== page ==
Collected Poems, 1943-2004
The dates in the title tell of Richard Wilbur’s remarkable longevity. Once a youthful prodigy, he became part of poetry anthologies 30 years ago. By now Wilbur is a grizzled eminence, known at least vaguely to most Americans who pay any attention to poetry.
Like many poets of his generation, he wrote well-crafted formal poems in the 1940s and ’50s, when conservatism dominated both poetry and politics. Unlike poets such as Robert Lowell, Adrienne Rich and James Wright, however, he was not tempted by the experiments with form and subject matter that came during the ’60s. Long eclipsed both by the work of his more pyrotechnic peers and by the sheer number of poets clamoring for attention, Wilbur’s star may be on the rise once again as political and poetic fashions move in rough parallel and New Formalists like National Endowment for the Arts chair Dana Gioia labor to bring formal verse back into fashion.
Throughout his career Wilbur has mainly written short lyrics in neat, crisp stanzas, often rhymed, and in language that is unmistakably composed in all the senses of the word. His very early “The Beautiful Changes” is still luminous:
Your hands hold roses always in a way that says
They are not only yours; the beautiful changes
In such kind ways,
Wishing ever to sunder
Things and things’ selves for a second finding, to lose
For a moment all that it touches back to wonder.
This is verse in the grand English-American tradition practiced by Robert Frost and E. A. Robinson, and before them by poets such as Tennyson, Wordsworth, Pope and Donne. Reading through the hundreds of original poems and translations in this handsome, hefty volume, which includes some witty children’s poems as well, it is easy to envision Wilbur as one more hoary presence in that long line.
Wilbur’s translations—of Dante, Moliere, Borges and others—largely reinforce the sense that he is working in a refined, even elite tradition. We find ourselves at garden parties and among speakers who wear dressing gowns and lift snifters of brandy, and at times their language and concerns seem loftily distant:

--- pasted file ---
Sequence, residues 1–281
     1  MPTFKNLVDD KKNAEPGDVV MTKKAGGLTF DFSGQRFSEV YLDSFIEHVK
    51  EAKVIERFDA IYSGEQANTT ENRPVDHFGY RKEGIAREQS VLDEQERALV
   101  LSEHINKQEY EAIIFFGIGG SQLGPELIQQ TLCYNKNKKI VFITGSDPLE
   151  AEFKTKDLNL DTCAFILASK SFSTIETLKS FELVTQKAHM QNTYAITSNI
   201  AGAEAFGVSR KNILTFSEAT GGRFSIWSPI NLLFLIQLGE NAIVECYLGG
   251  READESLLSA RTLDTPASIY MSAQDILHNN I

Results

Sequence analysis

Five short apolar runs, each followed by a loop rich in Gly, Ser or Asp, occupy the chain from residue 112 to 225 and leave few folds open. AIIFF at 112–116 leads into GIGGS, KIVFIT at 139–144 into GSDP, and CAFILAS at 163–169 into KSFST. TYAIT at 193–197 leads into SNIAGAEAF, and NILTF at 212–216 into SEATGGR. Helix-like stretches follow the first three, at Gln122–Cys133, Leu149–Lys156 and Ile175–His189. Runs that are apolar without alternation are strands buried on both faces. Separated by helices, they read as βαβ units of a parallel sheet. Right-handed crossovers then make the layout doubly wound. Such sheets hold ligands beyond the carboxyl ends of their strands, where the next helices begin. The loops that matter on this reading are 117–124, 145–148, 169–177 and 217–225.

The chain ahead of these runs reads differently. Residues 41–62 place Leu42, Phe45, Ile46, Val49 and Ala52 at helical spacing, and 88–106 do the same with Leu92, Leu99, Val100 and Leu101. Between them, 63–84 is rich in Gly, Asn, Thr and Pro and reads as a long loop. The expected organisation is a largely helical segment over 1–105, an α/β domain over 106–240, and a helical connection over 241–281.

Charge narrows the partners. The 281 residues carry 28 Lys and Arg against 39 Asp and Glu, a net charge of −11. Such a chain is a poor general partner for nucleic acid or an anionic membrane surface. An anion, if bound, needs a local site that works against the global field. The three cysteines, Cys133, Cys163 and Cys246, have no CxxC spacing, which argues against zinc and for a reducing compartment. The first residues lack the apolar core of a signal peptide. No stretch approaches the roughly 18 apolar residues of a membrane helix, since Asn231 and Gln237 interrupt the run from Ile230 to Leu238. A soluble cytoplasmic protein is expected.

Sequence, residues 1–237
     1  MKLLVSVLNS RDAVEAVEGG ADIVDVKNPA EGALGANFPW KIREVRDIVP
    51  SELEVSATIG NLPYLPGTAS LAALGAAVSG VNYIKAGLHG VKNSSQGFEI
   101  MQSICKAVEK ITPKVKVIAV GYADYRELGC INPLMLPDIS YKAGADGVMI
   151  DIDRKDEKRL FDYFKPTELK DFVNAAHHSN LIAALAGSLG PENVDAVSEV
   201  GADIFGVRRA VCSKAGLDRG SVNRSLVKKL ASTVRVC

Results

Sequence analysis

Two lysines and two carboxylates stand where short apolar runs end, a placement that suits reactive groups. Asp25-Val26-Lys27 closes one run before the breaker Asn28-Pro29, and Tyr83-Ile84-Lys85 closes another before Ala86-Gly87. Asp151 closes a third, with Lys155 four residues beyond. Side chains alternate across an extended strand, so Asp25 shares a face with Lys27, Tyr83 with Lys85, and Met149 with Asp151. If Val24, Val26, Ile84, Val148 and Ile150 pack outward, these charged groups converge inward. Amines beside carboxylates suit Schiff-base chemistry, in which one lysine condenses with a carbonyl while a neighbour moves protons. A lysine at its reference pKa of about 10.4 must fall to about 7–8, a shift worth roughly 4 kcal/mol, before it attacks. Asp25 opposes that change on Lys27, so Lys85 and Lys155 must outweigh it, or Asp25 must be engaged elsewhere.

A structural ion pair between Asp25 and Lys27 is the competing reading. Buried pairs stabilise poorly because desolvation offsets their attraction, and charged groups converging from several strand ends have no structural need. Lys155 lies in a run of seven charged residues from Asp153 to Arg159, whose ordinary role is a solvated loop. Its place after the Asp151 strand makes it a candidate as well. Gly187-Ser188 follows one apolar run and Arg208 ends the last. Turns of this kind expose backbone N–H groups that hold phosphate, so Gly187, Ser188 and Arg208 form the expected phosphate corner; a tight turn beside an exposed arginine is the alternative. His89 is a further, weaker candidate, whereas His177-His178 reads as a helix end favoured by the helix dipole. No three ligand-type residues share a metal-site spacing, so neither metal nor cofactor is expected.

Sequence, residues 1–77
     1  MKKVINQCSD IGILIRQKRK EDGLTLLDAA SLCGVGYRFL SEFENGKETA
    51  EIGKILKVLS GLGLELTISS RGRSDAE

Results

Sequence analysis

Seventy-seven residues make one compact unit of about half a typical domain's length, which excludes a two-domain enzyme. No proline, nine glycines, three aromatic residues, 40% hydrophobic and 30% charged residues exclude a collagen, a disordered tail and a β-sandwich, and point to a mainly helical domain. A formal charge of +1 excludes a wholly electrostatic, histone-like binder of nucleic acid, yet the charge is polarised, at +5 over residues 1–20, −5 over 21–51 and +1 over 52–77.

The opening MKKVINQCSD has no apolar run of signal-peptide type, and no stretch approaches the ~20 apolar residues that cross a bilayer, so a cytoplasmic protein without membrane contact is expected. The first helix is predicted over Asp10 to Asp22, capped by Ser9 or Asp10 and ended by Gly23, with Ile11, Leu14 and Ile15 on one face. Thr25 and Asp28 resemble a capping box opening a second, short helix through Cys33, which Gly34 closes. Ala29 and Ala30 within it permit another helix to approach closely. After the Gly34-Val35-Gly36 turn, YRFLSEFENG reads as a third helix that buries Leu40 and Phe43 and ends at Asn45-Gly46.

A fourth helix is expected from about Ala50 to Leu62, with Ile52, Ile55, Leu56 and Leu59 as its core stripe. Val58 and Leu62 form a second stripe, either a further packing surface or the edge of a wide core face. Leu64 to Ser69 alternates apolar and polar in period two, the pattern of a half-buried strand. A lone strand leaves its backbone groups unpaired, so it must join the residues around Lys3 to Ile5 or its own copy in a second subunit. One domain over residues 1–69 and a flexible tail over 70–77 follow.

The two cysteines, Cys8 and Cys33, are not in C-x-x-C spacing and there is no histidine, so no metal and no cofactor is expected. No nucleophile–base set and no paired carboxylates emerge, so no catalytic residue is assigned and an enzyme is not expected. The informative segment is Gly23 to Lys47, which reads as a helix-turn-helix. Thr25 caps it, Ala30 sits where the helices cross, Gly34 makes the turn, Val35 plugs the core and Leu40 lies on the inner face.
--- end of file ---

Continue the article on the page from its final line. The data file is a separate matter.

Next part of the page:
Later, however, talking with toxic zest
Of golf, or taxes, or the rest of it
Where the beaked ladle plies the chuckling ice
You may enjoy a chill of severance, hearing
Above your head the shrug of unreal wings.
The social and political upheavals of the past half-century do not pass entirely unnoticed. “For the Student Strikers,” addressed to the Wesleyan University activists of 1970, counsels patience: “It is not yet time for the rock, the bullet, the blunt / Slogan that fuddles the mind toward force.” Sensible enough—but Wilbur is perilously close to sounding like those “white moderates” who counseled Martin Luther King Jr. to be patient.
To be fair, Wilbur’s reputation has never rested on his politics, but on his eye and ear. He has long been skilled at shaping poems from those moments when the beautiful and the spiritual intersect. “Love Calls Us to the Things of This World,” with its reference to St. Augustine and its only slightly coy insistence that there are angels in the fresh laundry outside the poet’s window, retains its freshness and the breadth and depth of its final apostrophe:
Bring them down from their ruddy gallows;
Let there be clean linen for the backs of thieves;
Let lovers go fresh and sweet to be undone,
And the heaviest nuns walk in a pure floating
Of dark habits, keeping their difficult balance.
Wilbur’s best moments, like Frost’s, happen when his materials threaten to overwhelm his urge for order, when the struggle between civilization and wildness is not easily resolved. As the recent “A Barred Owl” shows, he still has the touch:
Words, which can make our terrors bravely clear,
Can also thus domesticate a fear,
And send a small child back to sleep at night
Not listening for the sound of stealthy flight
Or dreaming of some small thing in a claw
Borne up to some dark branch and eaten raw.
The paradox is that these words leave us dreaming precisely of that small thing being eaten raw. Do such words do more to domesticate our fears or to make them clear—and which task is the more necessary? At his best, Wilbur leads us into deep reflection on such questions and on the “difficult balance” they require.